My first child was a boy, Though I was very happy then, however, I was apprehensive a bit about him due to the stories I have been hearing about the difficulties of raising male children. My first child Tim who is now 4 years old did not even give me that much problem like I was expecting. Yet, I was guiltily happy when I knew my second child would be a girl. Then in my naiveté, I was thinking my baby girl would turn out to be a cakewalk for me in terms of handling a kid, but was I wrong? In my initial ignorance, I was very happy with the thought that she would be easier for me to handle. But when she threw her alarming tantrum on the day she first met her baby sister, I began to feel unsure of my initial perception of easily raising a girl. What made me think about the difficulty in raising a boy? I recollected that I used to pity mothers having many boys as children in their families. Before I got pregnant, I was imagining how difficult it must have been for such mothers in having to deal with all the rowdiness, mess, and rough play from their male children. But what I didn’t know at that time was that every parental situation is always different for each parent, child, or family. Kids do have individual personalities and the fact that we mostly have a perception or stereotype about a particular gender in children doesn’t mean it’s going to turn out that way for every child. The fact is that the experiences of raising boys or girls will always differ in some cases.
Now my case was indeed different because I only had a boy and a girl at first before having my third child who was another baby girl. And for a fact, my boy loved indulging in rough plays and being noisy while growing up. In fact, he would always trouble his younger sister by stealing her toys and trying to perform tricks on her. Remember I mentioned something about my female child also having her attitudes right from childhood. Well, it turned out that as sweet as my daughter was sometimes, she could also be rough during her period of mischief. I sure loved it whenever she came to me for cuddles or urging me to teach her in making up for her dolls, and sometimes even herself. She could truly be a delight and real angel at times whenever she wanted to be. Yet it seems that the more she grows, the more emotionally complicated she becomes. This minute she might be all funny and cute, then she’d suddenly turn sullen or irritable the next minute, especially when she thought she was being ignored. My boy on the other hand only cares about his toys, rough plays, food, and small electronics. And he could also get nasty at times especially when he couldn’t find a favorite toy or games of his, or becoming angry sometimes when he got too hungry.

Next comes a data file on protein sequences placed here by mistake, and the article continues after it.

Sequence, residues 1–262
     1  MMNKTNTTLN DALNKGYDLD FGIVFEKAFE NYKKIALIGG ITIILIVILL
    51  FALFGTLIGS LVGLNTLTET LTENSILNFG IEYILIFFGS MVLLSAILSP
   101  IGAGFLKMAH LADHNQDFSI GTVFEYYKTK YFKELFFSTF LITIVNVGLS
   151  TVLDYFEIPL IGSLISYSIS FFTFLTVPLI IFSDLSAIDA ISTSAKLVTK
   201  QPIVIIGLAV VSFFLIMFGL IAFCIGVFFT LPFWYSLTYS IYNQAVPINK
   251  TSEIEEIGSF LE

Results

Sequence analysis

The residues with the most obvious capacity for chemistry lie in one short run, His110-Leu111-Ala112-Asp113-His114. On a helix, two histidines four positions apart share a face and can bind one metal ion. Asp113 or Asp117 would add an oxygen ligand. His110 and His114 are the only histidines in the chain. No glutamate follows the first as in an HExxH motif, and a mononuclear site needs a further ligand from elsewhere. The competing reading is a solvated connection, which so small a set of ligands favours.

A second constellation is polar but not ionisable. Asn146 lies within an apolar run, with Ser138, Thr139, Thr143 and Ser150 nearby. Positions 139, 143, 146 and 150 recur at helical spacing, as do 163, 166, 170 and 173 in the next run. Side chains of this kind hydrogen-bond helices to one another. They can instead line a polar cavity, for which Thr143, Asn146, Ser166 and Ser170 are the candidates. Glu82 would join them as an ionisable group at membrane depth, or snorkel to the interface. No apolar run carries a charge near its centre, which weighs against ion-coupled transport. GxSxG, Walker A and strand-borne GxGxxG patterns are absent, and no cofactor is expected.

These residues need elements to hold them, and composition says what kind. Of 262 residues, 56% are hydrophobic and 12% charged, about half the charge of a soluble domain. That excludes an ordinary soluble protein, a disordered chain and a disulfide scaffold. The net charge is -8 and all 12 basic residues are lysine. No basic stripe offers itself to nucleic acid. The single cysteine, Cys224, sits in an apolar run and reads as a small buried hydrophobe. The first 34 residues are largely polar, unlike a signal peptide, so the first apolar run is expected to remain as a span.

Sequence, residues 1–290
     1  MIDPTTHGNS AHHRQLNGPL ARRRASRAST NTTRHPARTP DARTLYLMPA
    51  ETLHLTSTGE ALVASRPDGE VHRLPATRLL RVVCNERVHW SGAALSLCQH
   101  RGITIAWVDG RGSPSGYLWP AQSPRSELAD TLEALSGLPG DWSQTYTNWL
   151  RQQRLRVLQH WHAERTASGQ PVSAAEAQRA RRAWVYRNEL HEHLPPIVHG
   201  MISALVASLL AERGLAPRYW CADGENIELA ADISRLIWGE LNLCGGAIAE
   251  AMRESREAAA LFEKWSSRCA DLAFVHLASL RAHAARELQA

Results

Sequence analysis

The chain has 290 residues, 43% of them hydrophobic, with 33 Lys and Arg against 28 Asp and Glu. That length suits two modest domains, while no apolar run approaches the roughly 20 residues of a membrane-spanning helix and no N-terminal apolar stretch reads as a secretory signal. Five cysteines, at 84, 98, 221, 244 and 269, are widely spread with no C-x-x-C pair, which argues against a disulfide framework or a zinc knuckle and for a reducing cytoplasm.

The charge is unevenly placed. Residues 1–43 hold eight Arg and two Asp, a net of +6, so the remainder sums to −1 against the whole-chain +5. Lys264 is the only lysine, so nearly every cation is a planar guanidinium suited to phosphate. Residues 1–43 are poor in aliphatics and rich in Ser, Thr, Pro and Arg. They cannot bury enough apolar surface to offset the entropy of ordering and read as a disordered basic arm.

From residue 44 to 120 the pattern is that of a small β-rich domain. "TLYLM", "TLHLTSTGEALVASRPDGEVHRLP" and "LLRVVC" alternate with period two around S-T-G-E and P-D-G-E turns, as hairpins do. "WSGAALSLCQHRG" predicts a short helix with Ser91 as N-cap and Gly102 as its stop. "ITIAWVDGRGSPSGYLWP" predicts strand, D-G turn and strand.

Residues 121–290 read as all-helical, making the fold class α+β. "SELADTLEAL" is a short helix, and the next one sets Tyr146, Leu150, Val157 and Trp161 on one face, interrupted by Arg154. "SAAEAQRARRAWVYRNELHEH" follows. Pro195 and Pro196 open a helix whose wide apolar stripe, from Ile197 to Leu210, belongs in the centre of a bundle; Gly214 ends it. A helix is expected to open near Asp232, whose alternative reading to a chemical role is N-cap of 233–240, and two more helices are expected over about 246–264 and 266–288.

But above all, what I truly discovered is that each child, whether boy or girl, does have individual behaviors, sweetness, and bad attitudes. And judging from all my parental experience so far, both my male and female children can prove to be both a handful and blessings at times. While my boy usually prefers to be straightforward with his request, my girl prefers for you to wring it out of her. So the bottom line is that none is easier to raise between the two genders.
ON COPING WITH RAISING EITHER A BOY OR GIRL
This age-long question and so many recent gender arguments up the remembrance of an early 19th-century nursery rhyme that goes to this way:
Snips and snails, and puppy dogs tails,
That’s what little boys are made of.
Sugar and spice and all things nice,
That’s what little girls are made of.
Now the above rhyme can be contradictory as well as misleading in its literal interpretations by most people in today’s societies. In fact, this issue of which of the human genders is mentally, socially, and academically better as children, spouses, social individuals, or as parents have sparked a lot of debates both on scientific and social discourses.
A survey by financial resource site, MoneyTips, as exclusively released to marketwatch.com portrayed that more than 500 parents say it’s actually the girls that cost you more to raise than boys.
According to the parents, the estimate it costs, on average, is up to an additional $2,160 a year to raise a daughter versus a son through age 18. Also, parents in a survey by British site LoveMoney.com revealed that raising a daughter is costlier, though they estimate it at only $200 extra per year.
Also in another survey by Childcare.co.uk, two-thirds of British parents (66%) were alleged to have stated that it is a lot easier to raise boys than girls.